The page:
Tripp's Reviews > A Tale of Two Cities

A Tale of Two Cities by Charles Dickens
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Dec 08, 11

bookshelves: omniscient, past-tense
Read from November 03 to December 03, 2011, read count: 1

I began reading this in tandem with Thomas Carlyle's The French Revolution and finished it far ahead of that other book--more on that when Carlyle's time comes round--heaven only knows when that'll be. Dickens's story, set against the grisly backdrop of the French Revolution, offers possibly the most famous combination of opening and closing lines in fiction, and I was delighted to find that Sydney Carton's final speech, the often quoted, "It is a far, far better thing that I do...," is not actually said by Carton--to the greater success of the ending.

I think this point gets missed; my Barnes & Noble edition makes this mistake in its back of the book Questions for Readers section: "Would the novel be better without Sydney Carton's sacrificial act and final speech?" Like poor Madame Roland, he is not given the option to speak! Dickens is clear about this, so it surprises me to find the mistake so prevalent. Here's how Dickens begins the final paragraphs:

"If he [Carton] had given an utterance to [his thoughts at the time of execution], and they were prophetic, they would have been these:" and what follows is Carton's famous "speech," which is no speech at all, only the omniscient narrator's privileged access to the doomed man's final thoughts. Much better than if Carton had been allowed to declaim and prophesy for a page!

Most of the characters are two dimensional, such as Charles Darnay and Lucie Manette, the happily-ever-after couple. Madame Defarge, of course, is the most memorable creation here, a personification of vengeance on par with the Furies of Greek myth. An attempt at rounding, or at least giving the reader a reason for her implacable desire to exterminate all of the Darnay line, comes late in the book, too late to give her dimension, but Dickens was after something different with her, I'm convinced, and succeeded in his goal. She is chilling.

And what of Sydney Carton? His clever substitution for Darnay in prison at the eleventh hour is meant as redemption for his wasted, alcoholic life, yet we don't have nearly enough of that life, or of his sudden love for Lucie, to understand, or believe, that he would sacrifice his himself to save Charles. It feels orchestrated. In fact, the plot, with its coincidences and neatly meshing gears, is one of the novel's strengths, though it comes at the expense of character.

Dickens is fair to the French Revolution, calling it out for its horrors and bloodthirstiness on the one hand, while indicting the aristocracy for creating the conditions that gave birth to the Terror. He does not seem encouraged, though, by humanity; one gets the impression he firmly believes that, had the mob and the aristocrats' positions been reversed, the outcome would have been no different, that the mob, given privilege for centuries, would have oppressed the people, and that the aristocrats, thus oppressed, would have eventually given birth to a Terror.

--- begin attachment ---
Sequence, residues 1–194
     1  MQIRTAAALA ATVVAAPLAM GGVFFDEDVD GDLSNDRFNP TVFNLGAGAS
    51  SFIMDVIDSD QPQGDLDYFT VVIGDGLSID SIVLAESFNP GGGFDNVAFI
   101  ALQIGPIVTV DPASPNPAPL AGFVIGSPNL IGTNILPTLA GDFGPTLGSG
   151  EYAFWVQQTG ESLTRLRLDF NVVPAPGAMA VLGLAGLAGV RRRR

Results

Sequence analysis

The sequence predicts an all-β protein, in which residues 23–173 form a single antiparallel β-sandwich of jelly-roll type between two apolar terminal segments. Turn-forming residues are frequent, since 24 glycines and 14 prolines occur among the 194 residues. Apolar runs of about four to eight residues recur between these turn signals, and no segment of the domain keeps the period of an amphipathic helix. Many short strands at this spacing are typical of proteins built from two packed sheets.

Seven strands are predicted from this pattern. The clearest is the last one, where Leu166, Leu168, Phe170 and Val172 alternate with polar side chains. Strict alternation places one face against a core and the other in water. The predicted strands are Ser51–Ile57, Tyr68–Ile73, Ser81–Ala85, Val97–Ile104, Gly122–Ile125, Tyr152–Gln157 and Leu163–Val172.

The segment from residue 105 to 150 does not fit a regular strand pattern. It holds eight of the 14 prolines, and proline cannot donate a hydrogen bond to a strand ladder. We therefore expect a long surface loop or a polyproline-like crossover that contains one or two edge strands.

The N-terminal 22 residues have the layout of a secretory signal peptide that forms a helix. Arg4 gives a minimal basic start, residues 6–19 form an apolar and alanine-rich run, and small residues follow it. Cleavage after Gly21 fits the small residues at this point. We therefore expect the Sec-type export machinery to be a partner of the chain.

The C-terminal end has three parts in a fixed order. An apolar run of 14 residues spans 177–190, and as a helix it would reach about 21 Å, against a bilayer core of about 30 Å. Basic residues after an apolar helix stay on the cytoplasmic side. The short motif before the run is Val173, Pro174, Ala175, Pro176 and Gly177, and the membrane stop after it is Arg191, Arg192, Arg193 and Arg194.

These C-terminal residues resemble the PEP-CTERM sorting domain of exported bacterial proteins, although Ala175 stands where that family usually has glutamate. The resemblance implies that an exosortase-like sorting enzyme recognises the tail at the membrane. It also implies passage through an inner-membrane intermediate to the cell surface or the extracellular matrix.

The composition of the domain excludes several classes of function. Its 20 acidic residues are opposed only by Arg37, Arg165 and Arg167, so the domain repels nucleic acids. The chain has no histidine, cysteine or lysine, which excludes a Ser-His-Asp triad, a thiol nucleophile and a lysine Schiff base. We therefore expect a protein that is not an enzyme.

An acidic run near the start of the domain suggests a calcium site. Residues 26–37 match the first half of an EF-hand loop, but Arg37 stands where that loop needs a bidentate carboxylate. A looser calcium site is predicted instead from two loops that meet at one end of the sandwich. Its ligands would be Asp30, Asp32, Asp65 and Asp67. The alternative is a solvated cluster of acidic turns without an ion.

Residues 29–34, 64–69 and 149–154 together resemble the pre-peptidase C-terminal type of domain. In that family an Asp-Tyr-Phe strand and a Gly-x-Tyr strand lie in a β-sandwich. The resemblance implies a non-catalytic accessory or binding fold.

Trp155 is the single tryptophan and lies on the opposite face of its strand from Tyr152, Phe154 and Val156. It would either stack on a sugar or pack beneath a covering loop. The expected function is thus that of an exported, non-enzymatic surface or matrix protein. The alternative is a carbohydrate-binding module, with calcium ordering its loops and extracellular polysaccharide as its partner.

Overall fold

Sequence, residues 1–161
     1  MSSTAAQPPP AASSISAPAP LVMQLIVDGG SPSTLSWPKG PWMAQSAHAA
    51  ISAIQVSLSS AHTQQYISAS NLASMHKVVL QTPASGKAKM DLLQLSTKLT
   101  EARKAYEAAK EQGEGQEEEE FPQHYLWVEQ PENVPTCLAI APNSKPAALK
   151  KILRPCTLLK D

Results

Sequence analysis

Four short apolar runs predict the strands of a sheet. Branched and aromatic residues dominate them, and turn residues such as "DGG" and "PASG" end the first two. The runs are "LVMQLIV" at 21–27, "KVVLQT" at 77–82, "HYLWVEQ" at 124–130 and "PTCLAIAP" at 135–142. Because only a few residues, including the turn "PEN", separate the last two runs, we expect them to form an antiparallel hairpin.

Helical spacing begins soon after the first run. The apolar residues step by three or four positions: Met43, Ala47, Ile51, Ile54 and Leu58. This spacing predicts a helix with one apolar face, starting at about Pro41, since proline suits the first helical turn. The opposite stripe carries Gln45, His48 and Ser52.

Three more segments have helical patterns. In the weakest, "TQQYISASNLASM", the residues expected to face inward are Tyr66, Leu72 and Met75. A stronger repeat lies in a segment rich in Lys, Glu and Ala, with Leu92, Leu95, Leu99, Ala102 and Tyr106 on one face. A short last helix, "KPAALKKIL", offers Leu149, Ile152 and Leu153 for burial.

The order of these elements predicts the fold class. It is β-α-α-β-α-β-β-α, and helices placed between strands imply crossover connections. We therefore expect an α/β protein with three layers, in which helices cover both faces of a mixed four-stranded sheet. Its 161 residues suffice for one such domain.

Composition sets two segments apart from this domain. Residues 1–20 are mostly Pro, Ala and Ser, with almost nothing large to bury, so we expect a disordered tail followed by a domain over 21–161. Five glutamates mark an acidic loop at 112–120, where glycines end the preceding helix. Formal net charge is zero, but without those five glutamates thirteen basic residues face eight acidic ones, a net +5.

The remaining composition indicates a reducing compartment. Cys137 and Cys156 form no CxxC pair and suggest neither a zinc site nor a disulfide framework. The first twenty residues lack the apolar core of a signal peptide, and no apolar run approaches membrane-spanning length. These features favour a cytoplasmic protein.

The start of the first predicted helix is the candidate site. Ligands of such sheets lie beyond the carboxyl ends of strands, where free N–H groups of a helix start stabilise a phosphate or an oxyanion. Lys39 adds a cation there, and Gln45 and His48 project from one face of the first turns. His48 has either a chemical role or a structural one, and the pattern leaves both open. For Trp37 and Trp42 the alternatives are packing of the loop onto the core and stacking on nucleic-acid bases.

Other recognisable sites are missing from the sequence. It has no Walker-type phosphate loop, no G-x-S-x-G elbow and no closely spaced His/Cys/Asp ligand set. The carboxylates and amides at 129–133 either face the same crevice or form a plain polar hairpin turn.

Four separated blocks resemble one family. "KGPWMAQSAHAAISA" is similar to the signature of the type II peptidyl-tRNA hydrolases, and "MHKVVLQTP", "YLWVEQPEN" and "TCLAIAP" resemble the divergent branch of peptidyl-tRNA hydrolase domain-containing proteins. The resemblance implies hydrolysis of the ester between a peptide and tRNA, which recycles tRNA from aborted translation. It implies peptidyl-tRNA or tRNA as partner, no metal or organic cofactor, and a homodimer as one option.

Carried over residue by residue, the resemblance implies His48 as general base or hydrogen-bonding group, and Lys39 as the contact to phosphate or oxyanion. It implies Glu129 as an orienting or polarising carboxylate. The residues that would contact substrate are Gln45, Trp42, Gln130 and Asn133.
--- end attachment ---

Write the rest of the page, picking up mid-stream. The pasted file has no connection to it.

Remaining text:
And somehow, in the midst of all this, the scene of Sydney comforting the little seamstress as they ride in a tumbril to the guillotine is incredibly powerful and poignant. Think of it: arms bound so you must be lifted out of the cart and set in line to wait your turn, seeing and hearing the guillotine at work in front of you, just waiting your turn. Dickens puts the reader in that tumbril, on that platform, sets Carton and the seamstress morally and spiritually apart from the howling mob that surrounds them:

"The two stand in a fast-thinning throng of victims, but they speak as if they were alone. Eye to eye, voice to voice, hand to hand, heart to heart, these two children of the Universal Mother, else so wide apart and differing, have come together on the dark highway to repair home together....She kisses his lips, he kisses hers; they solemnly bless each other. The spare hand does not tremble as he releases it; nothing worse than a sweet, bright constancy is in the patient face. She goes next before him--is gone."


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Comments (showing 1-2 of 2) (2 new)

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Keith Great review, this another classic that I read long ago, truly enjoyed (if that's the right word) but never reflected on why it worked so well. This review helps a lot.


message 2: by Tripp (new) - added it

Tripp Yes, ToTC sweeps everything before it, somehow. I was glad Dickens didn't try to prettify the French Revolution; his dissection of mob mentality is precise and damning. And that scene in the tumbril is one of Dickens' most heart-wrenching, in spite of the scant attention given to Carton's back-story! If you do anything, re-read those three or so pages.


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